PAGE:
First-year Occupational Therapy student, Sharon Hepburn discusses how the course is taught and what it’s like studying in London.

Sharon Herpburn

Why did you choose St George’s?

I chose St George’s because of the opportunity to train within a hospital. It means student and professional medics, physiotherapists, radiographers and many others train and learn side-by-side.

How is the Occupational Therapy course taught at St Georges? How has this helped you develop?

Occupational Therapy (OT) students learn alongside students from all the interdisciplinary professions including Medicine, Physiotherapy, Radiography and Healthcare Science. You will participate in problem-based learning activities to solve medical cases, examine real-life anatomy in St George’s incredible dissection room and complete various work-placements to practice and train as an OT in a real-life environment.

Lectures are stimulating and exciting and include talks from doctors, lecturers and even real-life patients.

What was the most surprising element of your course or St George’s?

On my second day of Induction Week, we were taken to the Dissection Room to study (and handle) a cadaver as part of our anatomy lecture. This was the most amazing experience I have ever encountered on a course.  I felt honoured to have the opportunity to study anatomy in this way. It doesn’t get better than this.

What have you most enjoyed or found useful about studying at St George’s?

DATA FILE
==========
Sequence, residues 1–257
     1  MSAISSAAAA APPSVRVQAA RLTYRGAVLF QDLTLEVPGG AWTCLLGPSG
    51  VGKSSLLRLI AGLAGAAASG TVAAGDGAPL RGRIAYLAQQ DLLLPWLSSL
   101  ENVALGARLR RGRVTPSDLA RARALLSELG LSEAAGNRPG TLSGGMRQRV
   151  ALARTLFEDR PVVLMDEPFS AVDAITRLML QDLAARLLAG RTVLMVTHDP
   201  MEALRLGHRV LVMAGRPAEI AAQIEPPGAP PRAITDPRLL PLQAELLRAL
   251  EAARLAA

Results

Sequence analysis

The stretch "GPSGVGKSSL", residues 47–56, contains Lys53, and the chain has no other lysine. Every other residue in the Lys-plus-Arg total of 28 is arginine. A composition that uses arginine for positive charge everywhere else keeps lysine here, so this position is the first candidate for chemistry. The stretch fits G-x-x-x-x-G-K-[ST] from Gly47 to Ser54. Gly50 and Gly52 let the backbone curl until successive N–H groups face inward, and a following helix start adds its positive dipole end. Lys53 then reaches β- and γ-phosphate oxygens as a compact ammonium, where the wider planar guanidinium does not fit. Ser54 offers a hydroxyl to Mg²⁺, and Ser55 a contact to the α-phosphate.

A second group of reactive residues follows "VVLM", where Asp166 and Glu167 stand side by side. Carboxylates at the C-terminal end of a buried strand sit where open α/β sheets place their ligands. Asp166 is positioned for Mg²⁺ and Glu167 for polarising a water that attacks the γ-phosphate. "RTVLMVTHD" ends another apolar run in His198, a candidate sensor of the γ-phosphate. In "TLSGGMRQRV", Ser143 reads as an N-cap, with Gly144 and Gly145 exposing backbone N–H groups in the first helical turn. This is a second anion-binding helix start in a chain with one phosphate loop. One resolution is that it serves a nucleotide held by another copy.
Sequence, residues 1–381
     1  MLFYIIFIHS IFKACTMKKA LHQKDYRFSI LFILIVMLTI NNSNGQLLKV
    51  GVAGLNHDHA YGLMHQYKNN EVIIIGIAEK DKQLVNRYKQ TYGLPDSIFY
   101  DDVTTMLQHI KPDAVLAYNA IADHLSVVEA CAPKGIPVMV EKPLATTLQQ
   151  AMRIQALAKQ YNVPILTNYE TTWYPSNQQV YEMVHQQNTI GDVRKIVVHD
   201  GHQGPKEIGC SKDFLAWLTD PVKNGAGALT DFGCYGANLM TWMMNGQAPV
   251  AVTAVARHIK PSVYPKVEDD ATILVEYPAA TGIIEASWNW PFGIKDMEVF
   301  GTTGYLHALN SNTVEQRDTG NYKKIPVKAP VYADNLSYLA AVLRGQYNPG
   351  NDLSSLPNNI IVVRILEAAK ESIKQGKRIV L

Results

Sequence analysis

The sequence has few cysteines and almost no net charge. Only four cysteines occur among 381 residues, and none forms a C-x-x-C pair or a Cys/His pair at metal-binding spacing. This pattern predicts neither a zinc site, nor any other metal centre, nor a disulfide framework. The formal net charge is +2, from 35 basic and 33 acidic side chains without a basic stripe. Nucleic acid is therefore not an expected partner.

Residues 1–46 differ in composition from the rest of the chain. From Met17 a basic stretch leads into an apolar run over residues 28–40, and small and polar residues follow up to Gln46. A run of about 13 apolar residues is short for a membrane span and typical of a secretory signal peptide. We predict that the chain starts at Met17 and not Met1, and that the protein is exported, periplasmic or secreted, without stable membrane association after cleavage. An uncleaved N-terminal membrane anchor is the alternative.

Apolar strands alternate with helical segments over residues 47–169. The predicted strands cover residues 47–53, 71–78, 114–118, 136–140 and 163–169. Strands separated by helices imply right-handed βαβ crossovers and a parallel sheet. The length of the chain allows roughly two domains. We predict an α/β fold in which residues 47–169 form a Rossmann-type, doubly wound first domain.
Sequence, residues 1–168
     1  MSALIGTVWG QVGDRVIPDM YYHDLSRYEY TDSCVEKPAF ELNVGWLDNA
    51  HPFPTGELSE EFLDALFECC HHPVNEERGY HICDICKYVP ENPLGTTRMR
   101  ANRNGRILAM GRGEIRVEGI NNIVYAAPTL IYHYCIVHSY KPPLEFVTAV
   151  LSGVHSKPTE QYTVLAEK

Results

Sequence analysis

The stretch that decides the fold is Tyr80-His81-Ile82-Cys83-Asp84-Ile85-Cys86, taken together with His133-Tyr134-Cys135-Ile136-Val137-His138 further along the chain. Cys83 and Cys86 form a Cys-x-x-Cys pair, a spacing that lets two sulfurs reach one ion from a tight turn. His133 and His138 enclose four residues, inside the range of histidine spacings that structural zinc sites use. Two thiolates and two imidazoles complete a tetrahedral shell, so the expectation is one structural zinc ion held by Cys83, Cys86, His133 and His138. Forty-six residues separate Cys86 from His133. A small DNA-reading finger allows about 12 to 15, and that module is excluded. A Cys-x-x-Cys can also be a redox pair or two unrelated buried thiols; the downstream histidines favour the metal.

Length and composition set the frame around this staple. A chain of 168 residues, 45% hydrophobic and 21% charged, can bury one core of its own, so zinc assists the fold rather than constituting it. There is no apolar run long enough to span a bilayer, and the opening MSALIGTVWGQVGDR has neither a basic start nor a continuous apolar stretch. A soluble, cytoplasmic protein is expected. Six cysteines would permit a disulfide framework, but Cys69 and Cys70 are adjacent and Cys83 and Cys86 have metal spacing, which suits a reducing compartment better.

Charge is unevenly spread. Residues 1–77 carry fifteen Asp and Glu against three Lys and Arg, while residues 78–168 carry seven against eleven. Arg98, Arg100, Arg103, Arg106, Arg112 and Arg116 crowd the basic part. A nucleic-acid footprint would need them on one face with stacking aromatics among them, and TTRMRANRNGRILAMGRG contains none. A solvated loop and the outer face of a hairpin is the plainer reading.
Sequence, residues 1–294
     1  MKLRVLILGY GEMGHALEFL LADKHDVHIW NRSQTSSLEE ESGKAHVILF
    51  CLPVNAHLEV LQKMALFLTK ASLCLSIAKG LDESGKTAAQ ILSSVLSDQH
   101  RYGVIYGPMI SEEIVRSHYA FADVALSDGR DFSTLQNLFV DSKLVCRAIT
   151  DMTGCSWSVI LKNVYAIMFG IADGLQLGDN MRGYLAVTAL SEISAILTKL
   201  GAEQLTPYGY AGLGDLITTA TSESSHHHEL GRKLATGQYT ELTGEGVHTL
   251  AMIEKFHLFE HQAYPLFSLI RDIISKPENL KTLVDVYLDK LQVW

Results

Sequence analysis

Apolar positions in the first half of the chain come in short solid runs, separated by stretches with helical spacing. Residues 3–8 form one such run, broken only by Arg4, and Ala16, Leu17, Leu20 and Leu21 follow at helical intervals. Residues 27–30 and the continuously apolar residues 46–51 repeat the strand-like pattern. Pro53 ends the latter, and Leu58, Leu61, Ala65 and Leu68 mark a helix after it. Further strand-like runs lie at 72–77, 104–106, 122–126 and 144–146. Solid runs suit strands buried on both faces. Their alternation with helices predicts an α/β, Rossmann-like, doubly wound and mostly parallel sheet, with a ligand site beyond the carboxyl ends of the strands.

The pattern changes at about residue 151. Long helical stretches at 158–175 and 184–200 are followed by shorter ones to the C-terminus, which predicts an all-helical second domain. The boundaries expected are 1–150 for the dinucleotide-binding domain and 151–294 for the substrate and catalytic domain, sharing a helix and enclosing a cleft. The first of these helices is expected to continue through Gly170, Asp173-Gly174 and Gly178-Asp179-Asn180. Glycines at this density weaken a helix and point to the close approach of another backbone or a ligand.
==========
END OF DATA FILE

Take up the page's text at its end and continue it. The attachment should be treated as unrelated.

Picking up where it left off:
The staff here are incredibly supportive and encouraging throughout your learning experience, from the second you walk through the door!

Tell us about your placements studying Occupational Therapy.

We will complete 1,000 hours of work placements during the course. The placements are towards the end of each academic year so lecturers have plenty of time to train you with the essential knowledge, skills and understanding to prepare you for the professional environment. 

Work placements are fundamental to your learning and training. I feel there is no better way to prepare for the future than to gain hands-on experience with patients and co-workers.

I will start my first placement at the end of this academic year.

What is the best thing about your course?

The best thing is my class. We have bonded really well and have so much fun together. Most importantly, we support each other.

What is the highlight of being a student in London?

The tube network, because you can get anywhere at any time.

If you had to sum up studying at St George’s in three words, what would they be and why?

Warm, inspiring and exciting. The atmosphere is great and the lecturers are inspirational and motivating. It’s so exciting to be learning right in the centre of a hospital that we may, one day, be working in! You feel like you are already a professional healthcare provider.

What’s it like studying in Tooting and London?

Tooting is on the doorstep London’s city centre. You could be in a lecture in the morning, shop in the centre of London during lunch and return to a lecture in the afternoon!

How does our focus on the health and medical sciences impact your studies, studying with only other health focused students?

Although we study alongside healthcare students only, we are in very close proximity to our partnering Kingston University, which hosts a number of courses. The interaction between the two universities means that you have access to both facilities and will have the opportunity to meet students from a vast range of courses.

Are you a member of any societies? If so, which and what do you do?

As the first cohort of OTs at the university, my classmates and I are looking forward to building St George’s first ever OT Society! I have joined the Physiotherapy Society to get some ideas, but mainly, because I have made some good friends from the Physiotherapy degree.

Last Updated: Tuesday, 19 December 2017 12:02